|This article needs additional citations for verification. (February 2013)|
The famous optical illusion from the opening titles of his BBC TV series Harry Worth.
|Born||Harry Bourlon Illingsworth
20 November 1917
Hoyland Common, South Yorkshire, England, UK
|Died||20 July 1989
Hertfordshire, England, UK
|Cause of death||Spinal cancer|
|Residence||Berkhamsted, England, UK|
Harry Worth (born Harry Bourlon Illingsworth, 20 November 1917, Hoyland Common, South Yorkshire – died 20 July 1989, Hertfordshire) was an English comedy actor and comedian. His standard performance was as a genial, bumbling middle-class and middle-aged man from the North of England, who reduced all who came into contact with him to a state of confusion and frustration.
Worth was the youngest child of a miner. He had ten siblings. When he was only five months old his father died from injuries resulting from an industrial accident. He left school at 14 and was a miner for eight years. He earned 2s 2.5d and worked near the lift in the mine, and said he hated every minute of it. He later joined the RAF in 1941.
As a teenager he was in the Tankersley Amateur Dramatic Society and taught himself ventriloquism from a book he borrowed, buying his first dummy in 1936. During World War Two, he performed in an RAF Variety show om India and had extra material written for him by the show's director, Wallie Okin. Harry Worth warned his audience beforehand that he was not very good, according to ITMA impressionist Peter Kavanagh (writer), the start of his apologetic and inept style.
He was a variety act for many years before he became known and was often at the bottom of any "bill". Having left the RAF and adamant he would never go down the mines again, he started in show business with his first booking at the Bradford Mechanics Institute in 1946. In 1947 he married his wife Kay and in 1948 like many other comedians from the forces of the day, he got his audition at London's Windmill Theatre in 1948. Of 40 in the audition, he passed, along with Morecambe and Wise, who were sacked after just one week. He did six shows a day as comedian between fan dancers. In 1948 he also made his first radio appearance in a show "New to you". He now had two dummies for his ventriloquist act, Fotheringay and Clarence but meanwhile developed his "Harry Worth" voice. He admitted to having trouble with B's, P's and W's in his act so wrote around them.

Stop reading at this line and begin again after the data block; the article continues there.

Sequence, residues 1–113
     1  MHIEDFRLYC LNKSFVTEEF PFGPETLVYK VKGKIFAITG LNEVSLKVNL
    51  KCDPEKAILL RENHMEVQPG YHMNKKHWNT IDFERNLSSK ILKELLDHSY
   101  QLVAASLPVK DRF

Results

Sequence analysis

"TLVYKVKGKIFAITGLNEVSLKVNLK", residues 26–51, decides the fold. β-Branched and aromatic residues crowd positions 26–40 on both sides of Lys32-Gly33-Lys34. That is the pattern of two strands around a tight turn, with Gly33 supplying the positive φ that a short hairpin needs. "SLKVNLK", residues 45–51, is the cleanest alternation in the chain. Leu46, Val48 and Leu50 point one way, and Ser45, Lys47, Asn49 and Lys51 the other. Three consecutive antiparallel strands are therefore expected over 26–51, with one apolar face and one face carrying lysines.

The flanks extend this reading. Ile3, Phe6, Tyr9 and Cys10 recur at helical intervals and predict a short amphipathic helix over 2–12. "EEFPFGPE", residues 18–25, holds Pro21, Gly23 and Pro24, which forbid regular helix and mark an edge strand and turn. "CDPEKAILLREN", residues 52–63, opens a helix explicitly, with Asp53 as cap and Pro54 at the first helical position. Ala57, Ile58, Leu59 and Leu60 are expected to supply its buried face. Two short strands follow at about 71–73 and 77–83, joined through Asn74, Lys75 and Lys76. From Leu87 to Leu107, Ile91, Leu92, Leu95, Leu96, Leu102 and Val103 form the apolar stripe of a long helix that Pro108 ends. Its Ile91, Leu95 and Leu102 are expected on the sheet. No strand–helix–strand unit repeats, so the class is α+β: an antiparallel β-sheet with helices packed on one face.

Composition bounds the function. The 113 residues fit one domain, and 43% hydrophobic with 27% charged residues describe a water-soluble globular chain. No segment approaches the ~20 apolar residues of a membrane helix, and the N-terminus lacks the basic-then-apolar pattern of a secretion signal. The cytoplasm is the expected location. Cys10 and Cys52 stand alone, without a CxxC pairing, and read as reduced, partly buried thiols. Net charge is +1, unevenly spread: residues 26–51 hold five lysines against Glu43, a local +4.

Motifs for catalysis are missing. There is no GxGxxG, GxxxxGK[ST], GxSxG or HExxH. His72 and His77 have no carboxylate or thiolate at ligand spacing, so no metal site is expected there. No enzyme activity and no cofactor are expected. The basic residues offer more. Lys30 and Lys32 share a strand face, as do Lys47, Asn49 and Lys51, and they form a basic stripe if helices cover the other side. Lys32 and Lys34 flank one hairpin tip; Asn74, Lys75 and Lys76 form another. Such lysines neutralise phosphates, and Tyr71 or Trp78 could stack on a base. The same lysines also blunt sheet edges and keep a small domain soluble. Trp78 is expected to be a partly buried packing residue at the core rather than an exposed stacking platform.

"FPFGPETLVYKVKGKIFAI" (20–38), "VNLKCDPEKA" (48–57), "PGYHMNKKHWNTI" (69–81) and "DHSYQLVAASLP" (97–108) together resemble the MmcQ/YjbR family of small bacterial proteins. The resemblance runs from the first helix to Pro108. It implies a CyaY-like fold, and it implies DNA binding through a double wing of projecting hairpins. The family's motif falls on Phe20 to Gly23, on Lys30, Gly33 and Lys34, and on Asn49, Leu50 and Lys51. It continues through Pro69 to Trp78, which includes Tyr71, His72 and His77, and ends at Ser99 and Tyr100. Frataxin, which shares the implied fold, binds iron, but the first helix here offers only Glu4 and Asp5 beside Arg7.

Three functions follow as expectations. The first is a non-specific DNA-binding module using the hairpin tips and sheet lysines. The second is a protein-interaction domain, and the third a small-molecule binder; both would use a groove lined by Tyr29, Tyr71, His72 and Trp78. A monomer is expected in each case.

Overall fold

He toured for two years with Laurel and Hardy towards the end of their careers. He said he could always go in and talk with them and they told him about Hollywood and their careers. In 1952, in Nottingham, Oliver Hardy who watched his show persuaded him to drop the ventriloquist routine and concentrate on becoming a comedian which he then did. His first act without them was at a stage act in Newcastle. He did, however, continue to include the vent act in his cabaret act through his career, using much of the material that he'd used during the war. This included an appearance on the Royal Variety Show.
After appearing a number of times on "Variety Band Box", Harry got his own radio show "Thirty Minutes Worth". He took his scripts seriously and did not ad lib. He said he built a style of dithering in his shows without even realising it.
Worth's first appearance was a five-minute standup on "Henry Hall's Guest Night" in 1955. He became well known to the public and even appeared at the London Palladium, after which he took the show to Manchester, the main place for variety in those days, for 8 weeks. In 1960 "The Trouble With Harry" TV programme was broadcast. John Hammonds and Harry Worth wrote the pilot script in 3–4 weeks. A series of six was commissioned, and with writers Vince Powell, Ronny Taylor and Frank Roscoe.